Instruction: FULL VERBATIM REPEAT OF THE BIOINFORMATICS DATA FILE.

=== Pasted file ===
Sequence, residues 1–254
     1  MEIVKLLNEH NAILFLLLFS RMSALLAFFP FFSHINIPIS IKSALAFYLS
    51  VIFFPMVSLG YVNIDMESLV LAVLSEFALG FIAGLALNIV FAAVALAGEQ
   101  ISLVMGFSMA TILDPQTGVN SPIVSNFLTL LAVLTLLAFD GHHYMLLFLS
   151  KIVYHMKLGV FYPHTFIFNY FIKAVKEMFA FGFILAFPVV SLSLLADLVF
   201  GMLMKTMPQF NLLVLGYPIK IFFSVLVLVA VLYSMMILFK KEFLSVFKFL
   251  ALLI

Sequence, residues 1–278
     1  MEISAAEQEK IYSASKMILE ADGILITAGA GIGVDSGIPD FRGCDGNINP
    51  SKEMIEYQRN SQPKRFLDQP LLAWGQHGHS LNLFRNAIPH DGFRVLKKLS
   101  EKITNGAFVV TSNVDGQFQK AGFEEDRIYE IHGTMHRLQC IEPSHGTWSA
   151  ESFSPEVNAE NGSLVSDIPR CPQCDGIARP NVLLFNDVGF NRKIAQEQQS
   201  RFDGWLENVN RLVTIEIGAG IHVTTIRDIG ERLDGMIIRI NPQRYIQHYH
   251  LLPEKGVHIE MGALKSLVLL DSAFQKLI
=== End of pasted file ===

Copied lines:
Sequence, residues 1–254
     1  MEIVKLLNEH NAILFLLLFS RMSALLAFFP FFSHINIPIS IKSALAFYLS
    51  VIFFPMVSLG YVNIDMESLV LAVLSEFALG FIAGLALNIV FAAVALAGEQ
   101  ISLVMGFSMA TILDPQTGVN SPIVSNFLTL LAVLTLLAFD GHHYMLLFLS
   151  KIVYHMKLGV FYPHTFIFNY FIKAVKEMFA FGFILAFPVV SLSLLADLVF
   201  GMLMKTMPQF NLLVLGYPIK IFFSVLVLVA VLYSMMILFK KEFLSVFKFL
   251  ALLI

Sequence, residues 1–278
     1  MEISAAEQEK IYSASKMILE ADGILITAGA GIGVDSGIPD FRGCDGNINP
    51  SKEMIEYQRN SQPKRFLDQP LLAWGQHGHS LNLFRNAIPH DGFRVLKKLS
   101  EKITNGAFVV TSNVDGQFQK AGFEEDRIYE IHGTMHRLQC IEPSHGTWSA
   151  ESFSPEVNAE NGSLVSDIPR CPQCDGIARP NVLLFNDVGF NRKIAQEQQS
   201  RFDGWLENVN RLVTIEIGAG IHVTTIRDIG ERLDGMIIRI NPQRYIQHYH
   251  LLPEKGVHIE MGALKSLVLL DSAFQKLI